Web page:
NASA’s Sativa Cruz is an intern focusing on Diversity and Inclusion at NASA. The agency believes in driving innovation, creativity and employee engagement by fostering an atmosphere of inclusion and respect for all.
The Earth’s climate is changing. This reality has serious implications for all who call this blue-green planet home.
- We are experiencing a rise in global temperatures, with nineteen of the past twenty years being the warmest on record since 1880.1 The U.S. Pacific Northwest recently experienced an extreme heat wave unlike any other in modern history.2 Historically underserved communities, particularly low income and communities of color, are known to be disproportionally exposed to extreme heat, particularly within urban areas that lack protective tree canopy and have extensive heat-trapping infrastructure like roads and buildings.3
- Anthropogenic, or human-caused climate change is resulting in extreme weather events, drought, and other environmental challenges around the globe. “The intensity, frequency and duration of North Atlantic hurricanes, as well as the frequency of the strongest (Category 4 and 5) hurricanes, have all increased since the early 1980s.”4 The disastrous impacts of hurricane Katrina, Irma, Maria, and Harvey are just some examples known to negatively impact communities marginalized based on race and ethnicity, and communities of lower socioeconomic status.5,6,7
- Habitat and biodiversity loss is happening at an alarming rate, with up to 1 million species threatened with extinction.8 Recent studies predict that at least 32% of land is owned or governed by Indigenous peoples or local communities and at least 36% of remaining intact forests are within Indigenous Peoples’ lands.9,10,11 Despite their crucial role in sustaining biodiversity, indigenous people are consistently excluded from decision-making processes.12,13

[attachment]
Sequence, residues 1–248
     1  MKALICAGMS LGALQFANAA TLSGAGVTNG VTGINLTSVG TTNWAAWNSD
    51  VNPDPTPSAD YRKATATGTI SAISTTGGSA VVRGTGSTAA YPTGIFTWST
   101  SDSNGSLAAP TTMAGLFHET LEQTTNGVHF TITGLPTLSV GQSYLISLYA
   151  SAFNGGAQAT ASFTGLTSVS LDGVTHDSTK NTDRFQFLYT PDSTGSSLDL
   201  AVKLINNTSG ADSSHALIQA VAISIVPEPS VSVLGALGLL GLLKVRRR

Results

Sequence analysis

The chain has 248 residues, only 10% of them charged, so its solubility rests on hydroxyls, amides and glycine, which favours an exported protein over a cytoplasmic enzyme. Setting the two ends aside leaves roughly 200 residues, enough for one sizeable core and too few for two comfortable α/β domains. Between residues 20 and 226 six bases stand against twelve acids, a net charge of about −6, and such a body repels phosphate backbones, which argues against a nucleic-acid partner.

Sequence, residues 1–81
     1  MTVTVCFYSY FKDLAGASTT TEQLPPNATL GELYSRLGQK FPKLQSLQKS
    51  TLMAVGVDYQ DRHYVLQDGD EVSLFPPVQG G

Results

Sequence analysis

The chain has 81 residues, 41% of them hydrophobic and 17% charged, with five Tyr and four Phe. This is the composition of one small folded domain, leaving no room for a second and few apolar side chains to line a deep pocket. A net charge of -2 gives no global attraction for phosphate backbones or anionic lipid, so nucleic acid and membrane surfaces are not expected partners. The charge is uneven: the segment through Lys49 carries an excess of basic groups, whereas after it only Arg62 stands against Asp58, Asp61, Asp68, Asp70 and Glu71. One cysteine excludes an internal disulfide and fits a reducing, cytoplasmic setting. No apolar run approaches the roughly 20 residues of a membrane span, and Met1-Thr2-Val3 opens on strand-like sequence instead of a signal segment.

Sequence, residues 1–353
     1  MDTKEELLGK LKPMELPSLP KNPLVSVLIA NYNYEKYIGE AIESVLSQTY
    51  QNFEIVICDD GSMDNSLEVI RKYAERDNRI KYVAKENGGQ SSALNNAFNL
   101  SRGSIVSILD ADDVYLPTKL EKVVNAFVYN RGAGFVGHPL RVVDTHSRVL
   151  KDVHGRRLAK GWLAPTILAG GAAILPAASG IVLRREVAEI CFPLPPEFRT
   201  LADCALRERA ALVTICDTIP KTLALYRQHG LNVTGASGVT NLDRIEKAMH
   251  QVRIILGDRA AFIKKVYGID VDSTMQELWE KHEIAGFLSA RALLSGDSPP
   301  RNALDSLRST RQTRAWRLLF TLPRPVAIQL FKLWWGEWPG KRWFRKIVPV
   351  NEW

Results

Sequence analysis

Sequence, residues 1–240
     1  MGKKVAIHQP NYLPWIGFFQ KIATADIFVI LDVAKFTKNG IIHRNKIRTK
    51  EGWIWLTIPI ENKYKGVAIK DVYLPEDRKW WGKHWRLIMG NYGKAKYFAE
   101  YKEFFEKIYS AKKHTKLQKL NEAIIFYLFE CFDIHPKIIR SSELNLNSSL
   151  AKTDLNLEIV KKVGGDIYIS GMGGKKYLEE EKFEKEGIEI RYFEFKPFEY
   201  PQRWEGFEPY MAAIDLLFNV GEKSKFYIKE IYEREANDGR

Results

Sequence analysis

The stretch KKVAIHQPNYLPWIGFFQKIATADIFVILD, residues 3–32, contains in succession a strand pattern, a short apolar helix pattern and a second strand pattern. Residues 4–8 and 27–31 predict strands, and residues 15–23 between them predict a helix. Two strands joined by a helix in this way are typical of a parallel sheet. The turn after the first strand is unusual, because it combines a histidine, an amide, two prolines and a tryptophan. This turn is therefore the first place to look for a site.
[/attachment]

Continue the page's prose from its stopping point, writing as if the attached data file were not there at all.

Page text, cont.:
These examples highlight a global trend - marginalized, minoritized, tribal, indigenous and low-income communities are experiencing, and projected to continue to experience, significant negative impacts and a disproportionate burden from climate change. This is environmental injustice. How can NASA Earth Observations help?
A call to action
Environmental injustice occurs when certain communities experience a disproportionate burden of environmental challenges such as exposure to air pollution, contaminated water, habitat loss, and disrupted livelihood due to natural hazards and climate change. The people most impacted are usually from marginalized, minoritized, tribal, indigenous and low-income communities. These injustices are often influenced by their regional political, social and environmental settings. Unfortunately, environmental injustices have been and are happening around the world.
The Biden administration released a call to action on the climate crisis and environmental justice in Executive Order 14008 (released January 27, 2021).14 In this Executive Order, the White House calls on all federal agencies to “make achieving environmental justice part of their missions.” According to the Environmental Protection Agency “Environmental justice (EJ) is the fair treatment and meaningful involvement of all people regardless of race, color, national origin, or income with respect to the development, implementation and enforcement of environmental laws, regulations and policies.”15
This call to action is not new but is experiencing a renewed focus.16,17 As we prepare to address complex challenges of global scale, from pandemics to climate change, we must ask:
- What voices are not being heard?
- Who is left out of the decision-making process?
- What livelihoods are directly tied to an ecosystem?